The 2nd part of your post is partly true, but not in the context you mean. Technically, a voucher is simply a union timecard, which gets filled out by the union member and handed in at the end of the day so they can be paid union wages for their work. So, union members would receive this regardless. The fact that they have a stack of vouchers does not indicate how many SAG jobs they have for that shoot- it is simply a stack of forms that they hand out to the people who need them.

You could certainly give SAG a call (ask for the Membership department) and find out exactly how the voucher program works. It sounds like you are doing the right thing- continue to do background work, prove yourself to be a conscientious worker who pays attention, stays relaxed, and does their job without question, and the SAG vouchers should come your way soon enough.

But there are other ways to join SAG that I wanted to make sure you knew about. One- you can get cast in a SAG project in a SAG principal role and get your card that way. Or, two- you can join a sister union (like AFTRA, which you can simply buy into) and join SAG later. To use the sister-union route, you have to have been a member in good standing for at least a year in the "parent" union (AFTRA, for example) and have had at least 1 principal role in that jurisdiction. Meaning, you can buy into AFTRA, and then get cast in a commercial, promo, or voiceover and be eligible for SAG once your 1 year anniversary hits.

I hope this is helpful- Best of luck to you!

Have a comment or question? Leave it by clicking below!

Erin Cronican's career as a professional actor and career coach has spanned the last 25 years in New York City, Los Angeles and San Diego. She has appeared in major feature films and on television, and has done national tours of plays and musicals. She has worked in the advertising & marketing departments of major corporations, film production companies, theater magazines, and non-profit acting organizations. To learn more, check out

Monday, March 10, 2008

Commercials on Resumes

I saw this question posted on a popular forum for actors, and I wanted to repost the response I gave over there:

“When listing commercials on resume, which is the best to put in the section: ‘Available Upon Request’ or ‘Commercials Available Upon Request’ or ‘Conflicts Available Upon Request.’ Also, should PSAs be combined with commercials, industrials or their own category? Thanks!”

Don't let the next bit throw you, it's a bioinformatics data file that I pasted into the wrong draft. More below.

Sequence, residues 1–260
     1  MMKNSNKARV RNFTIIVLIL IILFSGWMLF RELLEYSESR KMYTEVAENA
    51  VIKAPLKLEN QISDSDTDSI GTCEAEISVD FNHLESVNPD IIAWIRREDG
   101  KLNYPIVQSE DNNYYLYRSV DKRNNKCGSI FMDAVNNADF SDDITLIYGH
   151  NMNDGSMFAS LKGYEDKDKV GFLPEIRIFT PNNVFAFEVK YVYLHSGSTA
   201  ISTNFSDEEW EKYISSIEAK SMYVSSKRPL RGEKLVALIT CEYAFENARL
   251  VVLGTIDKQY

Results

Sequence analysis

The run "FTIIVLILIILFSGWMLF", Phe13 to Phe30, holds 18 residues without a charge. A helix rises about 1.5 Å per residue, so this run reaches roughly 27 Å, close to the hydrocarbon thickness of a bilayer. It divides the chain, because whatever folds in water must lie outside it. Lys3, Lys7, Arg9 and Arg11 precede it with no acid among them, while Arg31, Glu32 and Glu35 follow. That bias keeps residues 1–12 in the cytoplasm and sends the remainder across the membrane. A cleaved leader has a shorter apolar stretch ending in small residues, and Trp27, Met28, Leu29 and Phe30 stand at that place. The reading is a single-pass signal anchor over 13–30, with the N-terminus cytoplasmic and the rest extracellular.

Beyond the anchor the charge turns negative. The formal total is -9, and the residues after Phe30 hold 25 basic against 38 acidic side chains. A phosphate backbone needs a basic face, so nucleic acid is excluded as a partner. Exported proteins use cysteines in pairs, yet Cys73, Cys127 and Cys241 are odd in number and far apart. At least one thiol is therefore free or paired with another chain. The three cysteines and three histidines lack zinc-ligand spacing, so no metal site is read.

Great question! Commercials normally are not considered to be "legit" work (theatre/film/TV) so when they are mentioned on a resume they should be listed completely separately from the legit experience. Some people listed it in its own section beneath the other experience, and some put it at the end of their special skills.

"Conflicts" is a term used when you have a current commercial running that keeps you from doing other commercials in that product category. If this currently applies to you, use "Commercial Conflicts available upon request." If you have commercial experience, but there are no current conflicts, I would list it as "Commercial List available upon request."

PSAs, Industrials and Commercials are of the same "non-legit" category, and as such none of these should be listed specifically on your resume. As a mention, you could say, "Commercial/PSA/Industrial list available upon request."

I hope this is useful- best of luck to you!

A 2nd question is posted:

“I am a little confused by TheActorsEnterprise's response. I am seeking an agent, are you saying to never include your commercial experience? I actually only have one commercial under my belt, I was going to include it to show that I do have ‘some experience.’ What are your thoughts?“

TAE responds:

Yep- that is what I am saying. It is strange, but true. Agents, especially, are very picky about what goes on a resume. Even if you are submitting to a commercial agent, a traditional resume that you are submitting to them would list legit work only, not commercials. That is not to say that you cannot mention that you have experience in commercials, but you would not list them individually, nor would you list them in the same section as the legit work.

I have been in a similar spot- I have done several commercials and I had been submitting for new commercial representation. So, I added "commercial list available upon request" in my special skills section (since I do not have enough room to put a separate line in my experience section.) That seemed to do the trick, and it helped the agent to know that I understand the difference between legit and commercial work. If you are doing a submission by mail, you could also consider including the information in your cover letter.

I hope this clears up my original post- let me know if there are other questions I can answer for you.

Have a question? Send me an email and I’ll answer it promptly!